Down to earth

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“You can take the boy out of the farm, but you cannot take the farm out of the boy”. So goes the old saying.

Yes, I was born on a farm; my parents were farmers by heart and soul, totally in deference to the earth and its mysteries. In fact, they strove to live in step and harmony with the cycles and patterns of the creation and we offspring were immersed and nurtured in this world philosophy. If we have managed to keep our bearings in the face of life’s ordeals, it can only be due to the instincts of survival gathered from growing one with the earth.

Thus has the pandemic aroused the earthling in me. In the face of concerns and threats, nothing can offer me serenity more than working the earth. Trowel in hand, working my pepper and cabbage patches and humming tunes to myself, my thoughts wander across stretches of time and space, sorting out gems of adventures from mischance, fitting together puzzles of fortuity and twists of fate in an iffy attempt to reconcile circumstance and destiny.

Curiously, the terrestrial exercise primes up the now rusty wordsmith in my head to cause my earthbound hands to pine for the type keyboard. Somehow, I cannot help but suspect that perhaps Lewis Caroll was working his garden when he got the inspiration of the Walrus on “cabbages and kings.”

I guess one’s writing ability, unused for a long while, gets moldy and sluggish. Like some old hard disk, there is a need to defragment, discard broken entries and delete duplicate files to do an efficient reboot.  Nonetheless, when one is not the prolific type who can churn out material at a snap, one needs some stir up mechanism to start the train of thought rolling.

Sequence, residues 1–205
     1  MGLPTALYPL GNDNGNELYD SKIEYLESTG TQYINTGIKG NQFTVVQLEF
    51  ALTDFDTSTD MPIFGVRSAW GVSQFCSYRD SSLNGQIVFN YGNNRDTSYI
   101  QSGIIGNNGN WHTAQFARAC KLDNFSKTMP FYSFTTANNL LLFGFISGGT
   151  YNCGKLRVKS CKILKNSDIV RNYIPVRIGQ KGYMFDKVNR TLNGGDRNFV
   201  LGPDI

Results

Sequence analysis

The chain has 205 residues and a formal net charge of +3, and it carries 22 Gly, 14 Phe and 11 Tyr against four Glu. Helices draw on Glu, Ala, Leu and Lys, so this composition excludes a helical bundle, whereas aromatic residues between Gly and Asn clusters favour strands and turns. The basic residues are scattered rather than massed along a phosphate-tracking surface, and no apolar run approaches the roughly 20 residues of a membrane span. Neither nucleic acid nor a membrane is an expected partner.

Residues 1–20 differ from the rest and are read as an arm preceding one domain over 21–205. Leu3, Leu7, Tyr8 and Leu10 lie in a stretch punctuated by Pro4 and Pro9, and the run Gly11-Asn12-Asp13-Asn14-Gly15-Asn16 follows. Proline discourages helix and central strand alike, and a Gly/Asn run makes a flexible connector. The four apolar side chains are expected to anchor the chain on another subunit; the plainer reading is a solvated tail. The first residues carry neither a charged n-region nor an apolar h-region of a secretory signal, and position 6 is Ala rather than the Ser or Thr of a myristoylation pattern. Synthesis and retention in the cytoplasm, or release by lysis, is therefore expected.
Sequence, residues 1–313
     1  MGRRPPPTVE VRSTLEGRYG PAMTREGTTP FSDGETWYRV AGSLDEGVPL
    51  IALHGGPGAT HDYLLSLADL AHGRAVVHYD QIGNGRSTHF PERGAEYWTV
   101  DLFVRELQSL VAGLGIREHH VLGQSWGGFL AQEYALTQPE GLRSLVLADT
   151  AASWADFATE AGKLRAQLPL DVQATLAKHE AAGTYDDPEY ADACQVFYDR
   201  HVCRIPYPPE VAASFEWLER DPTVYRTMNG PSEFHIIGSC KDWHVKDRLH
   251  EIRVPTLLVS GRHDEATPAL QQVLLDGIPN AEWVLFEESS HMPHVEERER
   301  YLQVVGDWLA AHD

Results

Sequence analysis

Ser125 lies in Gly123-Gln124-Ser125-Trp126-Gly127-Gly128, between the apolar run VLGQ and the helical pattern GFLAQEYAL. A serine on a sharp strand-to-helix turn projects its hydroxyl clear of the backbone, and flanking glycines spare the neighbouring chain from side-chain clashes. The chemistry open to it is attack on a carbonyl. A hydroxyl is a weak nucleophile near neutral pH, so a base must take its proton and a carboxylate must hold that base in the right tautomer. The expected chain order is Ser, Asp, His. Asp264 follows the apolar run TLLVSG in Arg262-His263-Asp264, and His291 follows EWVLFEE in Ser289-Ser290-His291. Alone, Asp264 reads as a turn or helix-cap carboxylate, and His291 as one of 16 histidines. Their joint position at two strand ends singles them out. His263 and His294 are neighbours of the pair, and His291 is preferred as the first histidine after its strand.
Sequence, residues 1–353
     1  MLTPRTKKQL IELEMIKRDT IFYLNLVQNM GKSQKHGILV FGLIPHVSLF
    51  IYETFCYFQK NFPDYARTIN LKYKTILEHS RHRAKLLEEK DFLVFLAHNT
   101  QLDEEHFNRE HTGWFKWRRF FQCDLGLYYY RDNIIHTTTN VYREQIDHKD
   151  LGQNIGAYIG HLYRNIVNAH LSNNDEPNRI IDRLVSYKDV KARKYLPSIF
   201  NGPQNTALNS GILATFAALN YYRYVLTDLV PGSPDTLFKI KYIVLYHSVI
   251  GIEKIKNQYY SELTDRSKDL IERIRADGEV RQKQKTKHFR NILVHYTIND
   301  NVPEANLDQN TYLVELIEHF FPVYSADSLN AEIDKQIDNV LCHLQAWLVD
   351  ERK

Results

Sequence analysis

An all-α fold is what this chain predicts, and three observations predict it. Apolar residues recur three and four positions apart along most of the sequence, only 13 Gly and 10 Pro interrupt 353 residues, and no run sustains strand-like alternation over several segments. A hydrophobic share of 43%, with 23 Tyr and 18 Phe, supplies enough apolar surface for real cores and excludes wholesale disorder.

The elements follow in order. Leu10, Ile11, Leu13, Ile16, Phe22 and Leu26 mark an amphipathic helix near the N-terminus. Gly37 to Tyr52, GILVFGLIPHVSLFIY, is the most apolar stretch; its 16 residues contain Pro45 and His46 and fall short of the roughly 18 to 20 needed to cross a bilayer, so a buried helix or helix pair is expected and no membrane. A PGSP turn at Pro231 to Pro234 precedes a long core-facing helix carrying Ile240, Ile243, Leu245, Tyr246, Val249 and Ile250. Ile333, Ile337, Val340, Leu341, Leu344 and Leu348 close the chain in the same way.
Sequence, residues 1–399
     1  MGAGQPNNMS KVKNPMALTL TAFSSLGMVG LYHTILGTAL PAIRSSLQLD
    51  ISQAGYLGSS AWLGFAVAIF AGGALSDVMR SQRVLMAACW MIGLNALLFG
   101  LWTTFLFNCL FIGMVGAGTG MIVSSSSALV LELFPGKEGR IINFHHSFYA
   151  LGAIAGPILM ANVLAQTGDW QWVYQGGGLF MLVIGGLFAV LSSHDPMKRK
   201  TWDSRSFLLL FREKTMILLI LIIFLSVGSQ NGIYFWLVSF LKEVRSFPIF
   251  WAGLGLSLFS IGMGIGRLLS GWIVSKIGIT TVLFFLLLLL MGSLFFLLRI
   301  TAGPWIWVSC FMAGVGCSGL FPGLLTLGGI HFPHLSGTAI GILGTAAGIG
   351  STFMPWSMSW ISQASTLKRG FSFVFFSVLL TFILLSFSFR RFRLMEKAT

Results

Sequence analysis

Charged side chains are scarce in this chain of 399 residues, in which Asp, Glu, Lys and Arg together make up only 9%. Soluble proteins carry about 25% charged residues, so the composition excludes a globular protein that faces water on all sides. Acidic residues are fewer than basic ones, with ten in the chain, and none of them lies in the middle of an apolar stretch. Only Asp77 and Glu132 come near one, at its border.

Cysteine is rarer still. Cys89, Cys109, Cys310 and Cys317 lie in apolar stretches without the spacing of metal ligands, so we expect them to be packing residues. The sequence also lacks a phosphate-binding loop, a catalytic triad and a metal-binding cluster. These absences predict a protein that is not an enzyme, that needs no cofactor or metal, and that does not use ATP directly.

At the close of day, after the ground implements have been stowed away and the frail seedlings are sheltered from rainfall, as one powers up the word processor, he is faced with a dilemma: Among the myriad of themes, from the mundane to the esoteric, which one deserves the distinction–or notoriety–of being the subject of choice?

Indeed the quarantine isolation provides the moment to reflect on human frailty and meditate on undoing the ruin man has brought upon himself, but the pedestrian distractions have been far from few.

When the issue of ABS-CBN came up, I was tempted to write about the role of this last bastion of sugar politics in history and how the inequities in sugar production drove me to join the revolutionary underground of the 1970’s. But then, I figured out my tale of dissent would not stand a chance of note alongside the epic narrative of SPO1 Ricardo Dalisay defecting to the Pulang Araw, later to be joined by Philippine President Oscar Hidalgo and some of his top officials after an assassination attempt by his Vice-President Lucas Cabrera. Why, that would even reduce Victor Corpus’s story to a cheap potboiler.

Then there’s Maria Ressa and her freewheeling view of press freedom.